The Legend Of Zelda: Decompiled

Keeping source code to programs closed is something that is generally frowned upon here for plenty of reasons. Closed source code is less secure and less customizable, but unfortunately we won’t be able to convince everyone of the merits of open source code any time soon. On the other hand, it is possible to decompile some of those programs whose source remains behind locked doors in an attempt to better understand that code, and one of the more impressive examples of that of late is this project which has fully decompiled The Ocarina of Time.

To get started with the code for this project, one simply needs to clone the Git repository and then use a certain set of software tools (depending on the user’s operating system) to compile the ROM from the source code. From there, though, the world is your rupee-filled jar. Like we’ve seen from other decompiled games, any number of enhancements to the original game can be made including increasing the frame rate, improving the graphics, or otherwise adding flourishes that wouldn’t otherwise be there.

The creators of this project do point out that this is still a work-in-progress as only one of the 18 versions have been completed, but the fact that the source code they have been able to decompile builds a fully-working game when recompiled speaks to how far along it’s come. We’ve seen similar processes used for other games before that also help to illustrate how much improvement is possible when re-writing old games from their source code.

Thanks to [Lazarus] for the tip!

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Spell Checking Your Programming From The Linux Command Line

For most of us who didn’t do well in high school English class, spell checkers are a real game-changer. Sure, you can still swap a “to” and a “too,” but a spell checker will catch a lot of typos. But what about in your source code? You usually don’t spell check source code and even if you did, the rules are funny. After all, “my_proejct” is a perfectly fine variable name, but you probably meant “my_project.” That’s where a program called typos comes in. It aims to be a spell checker for source code that is fast enough and with a low enough false positive rate that you can run it against changed code and reject spelling problems.

Sure, if “my_proejct” is a one-time typo, the compiler or interpreter will probably catch it. But it won’t catch comments and it also won’t catch something you spell wrong consistently. For that you need something like typos.

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Ask Hackaday: Is Windows XP Source Code Leak A Bad Thing?

News comes overnight that the Windows XP source code has been leaked. The Verge says they have “verified the material as legitimate” and that the leak also includes Windows Server 2003 and some DOS and CE code as well. The thing is, it has now been more than six years since Microsoft dropped support for XP, does it really matter if the source code is made public?

The Poison Pill

As Erin Pinheiro pointed out in her excellent article on the Nintendo IP leak earlier this year (perhaps the best Joe Kim artwork of the year on that one, by the way), legitimate developers can’t really make use of leaked code since it opens them up to potential litigation. Microsoft has a formidable legal machine that would surely go after misuse of the code from a leak like this. Erin mentions in her article that just looking at the code is the danger zone for competitors.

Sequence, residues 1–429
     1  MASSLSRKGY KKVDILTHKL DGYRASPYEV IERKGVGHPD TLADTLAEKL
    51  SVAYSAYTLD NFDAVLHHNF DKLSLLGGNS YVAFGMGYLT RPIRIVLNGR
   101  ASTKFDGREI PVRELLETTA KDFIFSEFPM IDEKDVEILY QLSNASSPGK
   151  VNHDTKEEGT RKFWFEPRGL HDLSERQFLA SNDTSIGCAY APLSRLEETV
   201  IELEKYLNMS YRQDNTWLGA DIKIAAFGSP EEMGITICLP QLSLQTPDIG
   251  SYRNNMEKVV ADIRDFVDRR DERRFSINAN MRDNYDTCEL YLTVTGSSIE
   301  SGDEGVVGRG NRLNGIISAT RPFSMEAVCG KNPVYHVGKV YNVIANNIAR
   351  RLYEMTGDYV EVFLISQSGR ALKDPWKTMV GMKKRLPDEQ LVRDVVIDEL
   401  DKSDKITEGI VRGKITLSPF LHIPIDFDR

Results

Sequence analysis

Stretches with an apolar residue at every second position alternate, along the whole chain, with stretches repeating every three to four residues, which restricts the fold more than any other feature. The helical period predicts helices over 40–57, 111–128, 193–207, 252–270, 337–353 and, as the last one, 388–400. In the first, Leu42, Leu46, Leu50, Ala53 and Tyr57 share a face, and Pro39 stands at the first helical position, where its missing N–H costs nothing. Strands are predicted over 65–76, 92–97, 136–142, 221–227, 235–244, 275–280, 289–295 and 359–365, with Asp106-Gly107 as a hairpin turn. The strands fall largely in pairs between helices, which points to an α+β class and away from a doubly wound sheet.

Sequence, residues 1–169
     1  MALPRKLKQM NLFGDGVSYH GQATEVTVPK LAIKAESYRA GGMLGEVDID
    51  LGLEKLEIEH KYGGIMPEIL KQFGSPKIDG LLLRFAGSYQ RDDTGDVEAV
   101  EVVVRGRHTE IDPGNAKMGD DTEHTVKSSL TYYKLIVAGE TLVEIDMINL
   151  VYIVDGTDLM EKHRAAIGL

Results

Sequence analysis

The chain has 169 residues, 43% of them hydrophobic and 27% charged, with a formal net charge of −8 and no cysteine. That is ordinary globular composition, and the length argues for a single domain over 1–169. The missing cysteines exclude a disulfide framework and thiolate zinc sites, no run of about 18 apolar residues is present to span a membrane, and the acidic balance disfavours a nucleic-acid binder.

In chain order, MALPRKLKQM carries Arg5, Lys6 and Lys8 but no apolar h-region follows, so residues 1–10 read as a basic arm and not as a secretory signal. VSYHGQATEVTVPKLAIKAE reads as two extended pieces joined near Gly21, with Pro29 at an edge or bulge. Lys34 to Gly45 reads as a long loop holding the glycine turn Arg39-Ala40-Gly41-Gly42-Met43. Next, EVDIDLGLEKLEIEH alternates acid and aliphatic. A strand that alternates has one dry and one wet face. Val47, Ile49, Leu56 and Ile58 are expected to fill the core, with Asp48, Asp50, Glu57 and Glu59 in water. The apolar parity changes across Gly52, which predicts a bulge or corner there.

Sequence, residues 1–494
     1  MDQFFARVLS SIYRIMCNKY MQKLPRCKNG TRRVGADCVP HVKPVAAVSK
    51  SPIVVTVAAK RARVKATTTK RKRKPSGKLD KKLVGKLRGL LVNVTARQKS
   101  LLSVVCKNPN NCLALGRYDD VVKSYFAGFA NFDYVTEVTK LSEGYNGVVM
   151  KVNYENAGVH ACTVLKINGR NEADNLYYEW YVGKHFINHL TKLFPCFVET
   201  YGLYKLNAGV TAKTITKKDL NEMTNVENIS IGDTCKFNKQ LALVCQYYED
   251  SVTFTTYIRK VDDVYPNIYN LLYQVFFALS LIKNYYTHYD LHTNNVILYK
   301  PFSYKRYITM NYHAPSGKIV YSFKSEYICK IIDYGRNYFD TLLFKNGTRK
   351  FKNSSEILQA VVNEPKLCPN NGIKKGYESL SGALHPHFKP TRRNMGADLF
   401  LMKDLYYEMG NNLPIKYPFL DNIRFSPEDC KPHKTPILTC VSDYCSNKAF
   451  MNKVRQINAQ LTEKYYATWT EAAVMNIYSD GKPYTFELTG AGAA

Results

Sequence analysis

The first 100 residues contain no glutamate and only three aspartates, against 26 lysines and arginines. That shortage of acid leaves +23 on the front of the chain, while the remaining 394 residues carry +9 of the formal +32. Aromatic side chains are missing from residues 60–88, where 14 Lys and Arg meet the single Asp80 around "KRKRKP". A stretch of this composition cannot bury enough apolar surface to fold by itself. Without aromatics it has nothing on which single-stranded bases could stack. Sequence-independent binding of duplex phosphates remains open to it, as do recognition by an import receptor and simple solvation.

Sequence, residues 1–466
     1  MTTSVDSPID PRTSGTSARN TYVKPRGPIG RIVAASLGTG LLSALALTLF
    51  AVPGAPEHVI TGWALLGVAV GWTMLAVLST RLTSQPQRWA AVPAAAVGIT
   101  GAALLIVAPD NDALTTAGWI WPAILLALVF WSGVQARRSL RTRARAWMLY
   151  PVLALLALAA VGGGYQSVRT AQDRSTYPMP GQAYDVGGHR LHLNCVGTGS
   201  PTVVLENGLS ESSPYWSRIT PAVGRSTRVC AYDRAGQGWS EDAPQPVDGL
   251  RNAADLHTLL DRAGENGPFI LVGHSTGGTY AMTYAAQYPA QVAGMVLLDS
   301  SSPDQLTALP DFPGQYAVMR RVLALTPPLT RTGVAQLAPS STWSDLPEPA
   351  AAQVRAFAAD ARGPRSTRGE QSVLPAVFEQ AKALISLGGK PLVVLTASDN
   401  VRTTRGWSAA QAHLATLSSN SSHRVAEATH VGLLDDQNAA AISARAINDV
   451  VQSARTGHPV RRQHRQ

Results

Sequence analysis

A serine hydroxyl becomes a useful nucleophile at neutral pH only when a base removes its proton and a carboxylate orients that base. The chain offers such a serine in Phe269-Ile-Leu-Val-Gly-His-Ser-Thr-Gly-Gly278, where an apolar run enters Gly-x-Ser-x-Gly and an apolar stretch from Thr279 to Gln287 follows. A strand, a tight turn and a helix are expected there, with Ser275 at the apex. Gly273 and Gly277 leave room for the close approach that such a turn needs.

Even if other software companies did look at the source code and implement their own improvements without crossing the legal line, how much is there still to gain? Surely companies with this kind of motivation would have reverse engineered the secret sauce of the long dead OS by now, right?

Spy vs. Spy

The next thing that comes to mind are the security implications. At the time of writing, statcount pegs Windows XP at a 0.82% market share which is still going to be a very large number of machines. Perhaps a better question to consider is what types of machines are still running it? I didn’t find any hard data to answer this question, however there are dedicated machines like MRIs that don’t have easy upgrade paths and still use the OS and there is an embedded version of XP that runs on point-of-sale, automated teller machines, set-top boxes, and other long-life hardware that are notorious for not being upgraded by their owners.

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Microsoft Releases The Source Code You Wanted Almost 30 Years Ago

In the late 1970s and early 1980s, if you had a personal computer there was a fair chance it either booted into some version of Microsoft Basic or you could load and run Basic. There were other versions, of course, especially for very small computers, but the gold standard for home computer Basic was Microsoft’s version, known then as GW-Basic. Now you can get the once-coveted Microsoft Basic source code for the 8086/8088 directly from Microsoft in the state you would have found it in 1983. They put up a read only GW-BASIC repository, presumably to stop a flood of feature requests for GPU acceleration.

You might wonder why they would do this? It is certainly educational, especially if you are interested in assembly language. For historical reasons, you might want to get a copy you could modify, too, for your latest retrocomputer project.

There are a few tidbits of interest. Some of the source is marked that it was translated. Apparently, Microsoft had a master implementation for some processor — real or imagined — and could translate from that code to 8088, Z-80, 6502, or any other processor they wanted to target.